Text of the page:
Quarantine has been a boon for pet shelters. Many people have found that adding a dog or cat to their household relieves boredom and loneliness during Covid-19. The challenge with having a new pet is that your training options are limited since in person obedience classes for dogs are on hold. And cats, being cats, need special one-on-one training to make them good family pets. While there are lots of books and online tutorials, with everything going on at home, pet training may be necessary but it can be low on the to-do list and that can have negative consequences.
If you have a dog that likes to jump up on people, pull on their leash, and misbehave around other canines, Crockett’s Critter Care now offers Walk &Train. In addition to walking your pooch for exercise, potty breaks, and mental stimulus – we will include Fear Free better behavior training to address common pet concerns. While you’re taking care of your children, attending to Zoom meetings or conference calls, we can give you a break and your pup the attention it needs to be a charming companion.
Jeanne Crockett recently achieved Fear Free Elite Status which she earned after three years of Fear Free Training. Fear Free promotes awareness of the animal’s emotional welfare. Fear Free professionals are trained to recognize and alleviate fear, anxiety, and stress in pets. Through calming techniques and gentle guidance things like giving medication, trimming nails, and visiting the vet can become hassle-free happy experiences.
These techniques work with cats as well as dogs. Click the links to learn more about Walk &Train and the Fear Free methods on our website, or call Jeanne at (252) 635-2655 to see how she can help you have a harmonious household.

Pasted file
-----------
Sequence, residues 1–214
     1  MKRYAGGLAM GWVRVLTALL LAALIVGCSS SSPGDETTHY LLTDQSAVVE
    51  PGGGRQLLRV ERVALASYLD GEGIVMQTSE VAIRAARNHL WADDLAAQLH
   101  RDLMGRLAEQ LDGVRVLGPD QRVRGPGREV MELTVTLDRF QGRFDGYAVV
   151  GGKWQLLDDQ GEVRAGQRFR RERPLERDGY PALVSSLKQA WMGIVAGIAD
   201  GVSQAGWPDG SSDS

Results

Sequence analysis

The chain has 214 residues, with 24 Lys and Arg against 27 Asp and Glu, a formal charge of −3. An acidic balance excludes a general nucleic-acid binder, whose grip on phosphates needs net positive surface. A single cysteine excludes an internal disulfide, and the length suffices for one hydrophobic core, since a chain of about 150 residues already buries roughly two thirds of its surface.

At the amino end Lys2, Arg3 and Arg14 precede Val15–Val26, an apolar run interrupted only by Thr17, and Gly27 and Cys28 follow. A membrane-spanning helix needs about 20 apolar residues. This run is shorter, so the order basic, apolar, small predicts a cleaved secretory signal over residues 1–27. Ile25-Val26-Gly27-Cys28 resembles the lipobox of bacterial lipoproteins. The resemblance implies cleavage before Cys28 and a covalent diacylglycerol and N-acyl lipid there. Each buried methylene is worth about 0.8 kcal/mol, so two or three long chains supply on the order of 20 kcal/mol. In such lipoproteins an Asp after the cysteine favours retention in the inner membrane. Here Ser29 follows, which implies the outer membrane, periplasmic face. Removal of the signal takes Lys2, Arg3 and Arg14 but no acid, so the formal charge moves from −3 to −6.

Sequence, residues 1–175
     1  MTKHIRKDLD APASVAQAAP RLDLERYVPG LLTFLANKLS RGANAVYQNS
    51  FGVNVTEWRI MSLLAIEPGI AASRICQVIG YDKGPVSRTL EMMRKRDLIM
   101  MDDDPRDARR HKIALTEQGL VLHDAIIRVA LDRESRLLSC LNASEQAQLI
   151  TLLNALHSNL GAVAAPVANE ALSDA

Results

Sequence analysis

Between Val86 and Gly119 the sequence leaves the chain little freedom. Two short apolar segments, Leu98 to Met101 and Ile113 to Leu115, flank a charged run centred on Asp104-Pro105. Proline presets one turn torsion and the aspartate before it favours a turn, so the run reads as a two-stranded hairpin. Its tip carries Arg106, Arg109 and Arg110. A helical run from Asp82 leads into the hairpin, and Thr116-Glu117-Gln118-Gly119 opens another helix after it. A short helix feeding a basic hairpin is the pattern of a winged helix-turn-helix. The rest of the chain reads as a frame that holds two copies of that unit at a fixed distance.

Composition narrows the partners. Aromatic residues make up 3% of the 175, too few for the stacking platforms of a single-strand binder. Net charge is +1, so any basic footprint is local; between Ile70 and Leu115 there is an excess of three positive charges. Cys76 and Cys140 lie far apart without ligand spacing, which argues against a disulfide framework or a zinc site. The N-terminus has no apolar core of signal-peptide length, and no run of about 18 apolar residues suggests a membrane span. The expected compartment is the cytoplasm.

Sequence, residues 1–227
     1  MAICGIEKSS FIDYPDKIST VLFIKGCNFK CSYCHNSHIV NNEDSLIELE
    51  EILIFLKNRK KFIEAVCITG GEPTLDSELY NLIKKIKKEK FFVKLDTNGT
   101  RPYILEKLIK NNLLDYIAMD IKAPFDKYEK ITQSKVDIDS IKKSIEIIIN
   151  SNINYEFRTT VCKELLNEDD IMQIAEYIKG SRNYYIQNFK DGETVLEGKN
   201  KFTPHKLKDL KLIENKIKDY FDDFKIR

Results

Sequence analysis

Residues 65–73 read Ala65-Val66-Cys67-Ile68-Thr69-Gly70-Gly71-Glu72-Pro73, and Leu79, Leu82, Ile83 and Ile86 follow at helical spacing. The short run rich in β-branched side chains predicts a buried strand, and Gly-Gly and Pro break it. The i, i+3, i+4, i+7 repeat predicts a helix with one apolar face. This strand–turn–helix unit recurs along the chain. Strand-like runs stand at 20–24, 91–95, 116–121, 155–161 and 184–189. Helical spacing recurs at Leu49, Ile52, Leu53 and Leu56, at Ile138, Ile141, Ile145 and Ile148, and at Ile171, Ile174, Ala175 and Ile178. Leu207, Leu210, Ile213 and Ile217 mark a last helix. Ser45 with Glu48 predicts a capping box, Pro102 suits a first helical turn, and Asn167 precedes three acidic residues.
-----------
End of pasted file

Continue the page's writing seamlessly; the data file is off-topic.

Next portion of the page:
Happy Pet! Happy Home!
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We expect that a Halloween mask can set off a pet’s defense mechanism. Dogs may growl and cats may hiss at the site of something they perceive as scary. Imagine how we must look to them now that our new protocol is to wear a face mask?
Our pets may get anxious when they can’t see our full face whether we are with them daily or just showing up on occasion. They don’t know if, behind the mask is a smile or a scowl. They hear us speak, but they don’t see our mouths move.
Peek-a-Boo without the BOO!
Make it easier for your pets, especially your canine companion, by getting them accustomed to seeing a mask on their household members. To get started at home, go slow and make sure your dog is relaxed.
First cover your mouth and nose with your hand and give your pet a treat. Repeat this several times until they expect the treat and look forward to the training exercise. Your pet is creating a good association with having your face covered and getting a treat. Now try it with your mask of choice and repeat the exercise (and reward) while wearing the covering for longer intervals.
Get Everyone Involved
Walk around your house, wearing a mask while talking to your pet and offering treats. Also have the other members of your household do the same. This will help your pet get used to seeing a mask on people in general. Once your pet is comfortable in the house, you are ready to do the exercise outside.